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How to Remove Water Stains on Cement From Flower Pots

Updated April 17, 2017

All summer long, you take care of your plants by watering them and ridding them of any pests that may want to stay. When you move your plant, you find underneath the pots are water stains on your concrete floor. A power washer will help remove the stains, but many people do not have one of those. Using a home remedy not only saves you money, but also is more earth friendly.

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  1. Wash the area with water and scrub the stains with a brush. This may remove the stain. If it does not, proceed to the next step.

  2. Pour liquid dish soap or sprinkle dry detergent on the stain. Allow this to stand for five to ten minutes. Pour on some hot water and scrub the stain away with a hard bristled brush. Be careful not burn yourself with the hot water. You may have to do this several times if the stain is stubborn. If this does not work, proceed to the next step.

  3. Pour straight vinegar onto the stain and leave it to penetrate the area for an hour or two. Add more vinegar if necessary so the area does not dry out. Using a brush, scrub the stain away. You may have to do this several times. If your stain is still there, proceed to the next step.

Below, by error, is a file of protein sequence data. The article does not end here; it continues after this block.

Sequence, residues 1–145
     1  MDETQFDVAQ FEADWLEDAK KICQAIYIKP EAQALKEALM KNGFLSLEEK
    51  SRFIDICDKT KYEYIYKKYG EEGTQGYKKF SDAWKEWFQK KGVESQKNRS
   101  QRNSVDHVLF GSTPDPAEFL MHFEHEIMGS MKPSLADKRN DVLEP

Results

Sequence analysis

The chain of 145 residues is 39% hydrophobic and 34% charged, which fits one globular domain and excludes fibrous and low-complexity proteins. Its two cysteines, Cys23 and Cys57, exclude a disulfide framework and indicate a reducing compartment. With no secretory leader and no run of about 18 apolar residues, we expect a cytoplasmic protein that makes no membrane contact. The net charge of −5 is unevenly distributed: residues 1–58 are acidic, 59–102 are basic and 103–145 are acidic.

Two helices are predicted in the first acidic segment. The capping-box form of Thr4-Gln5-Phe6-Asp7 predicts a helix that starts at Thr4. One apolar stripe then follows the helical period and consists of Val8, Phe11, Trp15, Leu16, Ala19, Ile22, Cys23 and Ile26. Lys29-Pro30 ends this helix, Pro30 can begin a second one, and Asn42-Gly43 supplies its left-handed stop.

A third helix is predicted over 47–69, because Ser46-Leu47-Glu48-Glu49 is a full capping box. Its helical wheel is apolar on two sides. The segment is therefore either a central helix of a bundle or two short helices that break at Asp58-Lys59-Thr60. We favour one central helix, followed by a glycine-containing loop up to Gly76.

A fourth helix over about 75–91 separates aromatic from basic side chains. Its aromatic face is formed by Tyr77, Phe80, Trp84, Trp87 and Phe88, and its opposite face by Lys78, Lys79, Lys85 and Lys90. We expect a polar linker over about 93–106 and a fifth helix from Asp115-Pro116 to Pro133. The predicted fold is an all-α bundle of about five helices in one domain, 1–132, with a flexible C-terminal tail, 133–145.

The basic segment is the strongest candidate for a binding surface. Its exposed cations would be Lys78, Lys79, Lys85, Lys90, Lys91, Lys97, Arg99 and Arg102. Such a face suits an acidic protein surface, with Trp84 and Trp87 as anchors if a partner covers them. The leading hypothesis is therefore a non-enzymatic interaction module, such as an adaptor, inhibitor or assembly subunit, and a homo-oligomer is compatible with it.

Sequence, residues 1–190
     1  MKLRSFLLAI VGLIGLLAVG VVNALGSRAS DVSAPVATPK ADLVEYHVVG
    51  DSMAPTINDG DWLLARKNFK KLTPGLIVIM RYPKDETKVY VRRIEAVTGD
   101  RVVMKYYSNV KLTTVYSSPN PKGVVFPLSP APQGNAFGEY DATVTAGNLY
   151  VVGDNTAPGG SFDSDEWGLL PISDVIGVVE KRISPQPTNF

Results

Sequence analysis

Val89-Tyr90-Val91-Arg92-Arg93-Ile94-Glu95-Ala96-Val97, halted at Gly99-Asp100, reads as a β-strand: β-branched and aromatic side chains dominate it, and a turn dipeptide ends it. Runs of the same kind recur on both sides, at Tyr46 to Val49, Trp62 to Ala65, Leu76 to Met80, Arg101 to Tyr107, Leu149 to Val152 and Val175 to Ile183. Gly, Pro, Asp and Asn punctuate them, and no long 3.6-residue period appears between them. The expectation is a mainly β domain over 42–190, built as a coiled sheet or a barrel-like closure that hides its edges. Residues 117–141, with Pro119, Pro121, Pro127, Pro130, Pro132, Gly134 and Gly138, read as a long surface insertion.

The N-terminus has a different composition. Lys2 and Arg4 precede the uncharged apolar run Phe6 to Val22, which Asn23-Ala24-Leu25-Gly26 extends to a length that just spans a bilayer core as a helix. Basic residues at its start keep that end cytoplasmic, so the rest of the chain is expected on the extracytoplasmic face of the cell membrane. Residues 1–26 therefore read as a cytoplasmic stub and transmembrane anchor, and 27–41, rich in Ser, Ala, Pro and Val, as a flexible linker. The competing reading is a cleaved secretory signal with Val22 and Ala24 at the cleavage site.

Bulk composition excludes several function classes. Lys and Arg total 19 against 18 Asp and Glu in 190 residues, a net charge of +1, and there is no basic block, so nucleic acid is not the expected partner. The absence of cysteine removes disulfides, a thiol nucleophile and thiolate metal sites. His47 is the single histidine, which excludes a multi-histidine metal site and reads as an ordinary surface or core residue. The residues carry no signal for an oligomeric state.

4. Mix 1 part oxygenated bleach with 2 parts hot water. Pour this solution on the stain and allow it to penetrate for five to ten minutes. With a brush and hot water, scrub the area. Repeat if necessary. If this fails, continue to the next step.

  5. Mix 1 cup of trisodium phosphate with 1 gallon of water. Pour this solution over the stain and leave it to work for 15 to 20 minutes. With a brush and hot water, scrub the stained area. Repeating the procedure if necessary.

  6. Tip

    If none of these methods work, you may have to hire a professional cleaner to do the job. To prevent water from staining your concrete floor in the future, place your pots in a container or saucer that will catch the water. Be sure to have some pebbles or something similar in the bottom of the container so your plant will not sit in water and rot.


    If using vinegar, do not spill any on your plants. Vinegar can kill them. If using bleach or trisodium phosphate, keep kids and pets away from the area. Use rubber gloves when scrubbing the stains to protect your hands.

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Things You'll Need

  • Water
  • Scrub brush
  • Liquid dish soap or dry detergent
  • Vinegar
  • Oxygenated bleach
  • Trisodium phosphate
  • Rubber gloves

About the Author

Gail Delaney is a writer in South Dakota and has articles published online at various websites. She is the garden editor for BellaOnline, with years of gardening experience. Being the caretaker of her parents led her in the direction of medical issues, especially natural remedies.

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